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Poisoned chalice: Why the East Coast franchise keeps failing

Wednesday's news that the East Coast rail franchise would once again fall into government hands marks the third time since privatisation that the high-speed route between London and Scotland has failed.
It means the franchise has never been successful in private hands - despite being one of the busiest intercity routes with some of the priciest tickets, serving large urban areas including London, York, Lincoln, Newcastle and Edinburgh.

So, why is this route a particular poisoned chalice for any corporate hands that touch it?

1996-2006 The Sea Containers Years

The East Coast route was first let to now-defunct freight giant Sea Containers upon the privatisation of British Rail in 1996, which operated it under the brand name GNER.

GNER had grand plans for the route, starting with the modernisation of the then-still young InterCity 225 trains under what was called the 'Mallard programme', as well as upgrading the ageing Intercity 125 fleet and operating leased surplus Eurostar trains.

It was indeed initially successful, having its initial term extended from 2003 until 2005, and then being re-awarded the franchise for another seven years from May 2005.

But in early 2006, it was revealed that Sea Containers was circling the drain, with questions arising as to whether GNER could continue operating should its parent company go under.

Sea Containers rejected concerns that GNER was at risk, claiming that its assets and lines of credit were ring-fenced away from the parent company - but that didn't stop rival train operators such as Virgin Rail, and the industry press from continuous speculation about its financial stability.

GNER was also hurt by the advent of 'open-access' operations on its route by Grand Central - these are rail operations that are not tied to government franchises.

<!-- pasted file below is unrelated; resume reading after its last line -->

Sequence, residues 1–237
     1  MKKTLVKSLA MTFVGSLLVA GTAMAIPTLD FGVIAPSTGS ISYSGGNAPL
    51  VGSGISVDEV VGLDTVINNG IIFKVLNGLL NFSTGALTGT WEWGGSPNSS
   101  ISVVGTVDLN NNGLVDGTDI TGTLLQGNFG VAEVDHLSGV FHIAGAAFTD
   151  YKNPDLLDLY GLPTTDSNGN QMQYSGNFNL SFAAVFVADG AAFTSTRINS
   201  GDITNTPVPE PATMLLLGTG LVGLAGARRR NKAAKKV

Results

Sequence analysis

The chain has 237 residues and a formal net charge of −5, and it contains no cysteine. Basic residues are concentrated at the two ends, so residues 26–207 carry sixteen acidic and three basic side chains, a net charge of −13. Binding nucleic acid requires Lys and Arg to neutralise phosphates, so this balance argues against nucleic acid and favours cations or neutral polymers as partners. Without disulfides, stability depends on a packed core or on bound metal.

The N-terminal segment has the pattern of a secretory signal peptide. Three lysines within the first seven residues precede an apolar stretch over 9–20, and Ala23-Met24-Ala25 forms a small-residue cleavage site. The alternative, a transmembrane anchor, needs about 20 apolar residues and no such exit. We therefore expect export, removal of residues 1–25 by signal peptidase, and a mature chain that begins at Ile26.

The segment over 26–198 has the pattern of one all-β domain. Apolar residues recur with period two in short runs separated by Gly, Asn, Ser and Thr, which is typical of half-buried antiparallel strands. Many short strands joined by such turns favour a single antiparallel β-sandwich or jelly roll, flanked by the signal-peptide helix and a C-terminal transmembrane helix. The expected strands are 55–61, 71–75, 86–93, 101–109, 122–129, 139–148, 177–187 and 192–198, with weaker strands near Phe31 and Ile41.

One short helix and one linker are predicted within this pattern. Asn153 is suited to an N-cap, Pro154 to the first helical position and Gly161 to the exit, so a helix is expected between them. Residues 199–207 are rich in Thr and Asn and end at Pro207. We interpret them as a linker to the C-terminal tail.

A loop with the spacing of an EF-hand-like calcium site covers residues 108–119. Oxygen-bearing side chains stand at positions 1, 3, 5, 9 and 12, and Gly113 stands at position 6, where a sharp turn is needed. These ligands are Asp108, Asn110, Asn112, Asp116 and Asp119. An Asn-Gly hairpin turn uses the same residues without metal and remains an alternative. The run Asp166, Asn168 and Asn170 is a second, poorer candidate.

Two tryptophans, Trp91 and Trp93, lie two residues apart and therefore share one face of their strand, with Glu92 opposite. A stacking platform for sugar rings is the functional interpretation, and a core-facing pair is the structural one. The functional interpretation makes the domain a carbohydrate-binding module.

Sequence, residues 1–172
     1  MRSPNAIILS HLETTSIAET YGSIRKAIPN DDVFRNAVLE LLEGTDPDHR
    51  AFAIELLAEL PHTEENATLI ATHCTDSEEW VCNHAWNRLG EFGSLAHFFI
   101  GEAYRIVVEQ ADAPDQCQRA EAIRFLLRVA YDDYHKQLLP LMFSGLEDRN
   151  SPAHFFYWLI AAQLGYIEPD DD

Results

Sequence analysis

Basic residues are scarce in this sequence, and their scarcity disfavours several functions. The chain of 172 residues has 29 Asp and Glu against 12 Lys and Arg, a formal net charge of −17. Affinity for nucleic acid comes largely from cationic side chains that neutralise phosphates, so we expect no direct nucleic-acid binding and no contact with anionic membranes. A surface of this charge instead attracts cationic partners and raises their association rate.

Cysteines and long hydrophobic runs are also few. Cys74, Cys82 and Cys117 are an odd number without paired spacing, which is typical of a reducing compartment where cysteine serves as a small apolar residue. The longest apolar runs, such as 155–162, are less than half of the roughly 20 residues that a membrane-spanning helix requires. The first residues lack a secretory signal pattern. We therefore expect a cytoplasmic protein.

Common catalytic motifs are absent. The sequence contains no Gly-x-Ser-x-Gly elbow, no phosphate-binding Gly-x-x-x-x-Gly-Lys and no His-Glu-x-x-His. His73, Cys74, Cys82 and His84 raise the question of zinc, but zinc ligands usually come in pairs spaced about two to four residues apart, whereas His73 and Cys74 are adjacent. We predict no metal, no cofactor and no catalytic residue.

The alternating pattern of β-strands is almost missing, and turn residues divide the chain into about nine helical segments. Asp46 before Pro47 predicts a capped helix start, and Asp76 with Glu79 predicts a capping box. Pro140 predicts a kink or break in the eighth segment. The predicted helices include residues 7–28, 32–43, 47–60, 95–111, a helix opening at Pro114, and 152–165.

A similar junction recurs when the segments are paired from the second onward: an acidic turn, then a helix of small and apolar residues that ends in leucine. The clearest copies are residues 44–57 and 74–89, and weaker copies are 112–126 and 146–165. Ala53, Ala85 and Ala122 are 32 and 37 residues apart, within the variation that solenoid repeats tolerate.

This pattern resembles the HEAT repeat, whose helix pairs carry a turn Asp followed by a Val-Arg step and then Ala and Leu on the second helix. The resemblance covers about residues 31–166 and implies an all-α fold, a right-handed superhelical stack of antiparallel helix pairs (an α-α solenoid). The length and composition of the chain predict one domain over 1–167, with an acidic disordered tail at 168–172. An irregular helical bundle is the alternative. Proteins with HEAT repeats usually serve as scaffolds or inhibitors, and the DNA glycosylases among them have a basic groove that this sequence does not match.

Grand Central won the right to call at York, despite protest and even a judicial review from GNER, which was one of the latter's most lucrative destinations.

Over the ensuing months, it emerged that GNER's problems were being exacerbated by its own poor profitability, which were linked to an overbidding for the franchise and crippling premium payments to Westminster.

It pinned the blame for its deteriorating finances on a number of factors, including the 2005 London terror attacks, rising electricity prices, the increasing popularity of internal low-cost flights, and a new faster service on the West Coast route between London and Glasgow.

In October 2006 Sea Containers filed for Chapter 11 bankruptcy in the US, and in December the Department for Transport (DfT) stripped it of the East Coast franchise. Given Sea Containers was still trading under Chapter 11 protection, GNER was allowed to continue running services until a new franchise holder was found.

2007-2009 National Express defaults

In August 2007, the DfT announced that National Express had won the bid to take over the route from the ailing Sea Containers, and started operations in December of that year.

National Express committed to a £1.4bn premium for the seven year franchise - a sum many analysts said was too much, even after the previous GNER franchise failed for similar reasons.

It took little more than a year for the cracks to begin to show, with National Express seeing a 1% decline in ticket revenue in the first half of 2009, against projections for improved turnover.

To cover the revenue shortfall, National Express levied passengers with a £2.50 charge per leg just to reserve a seat.

In April of 2009, it told the market it was in discussions with the Westminster over financial assistance - either a reduction in its premium commitment, or some other help.

But just two months later, the London-listed passenger transport operator said it would default, its negotiations with the government having collapsed.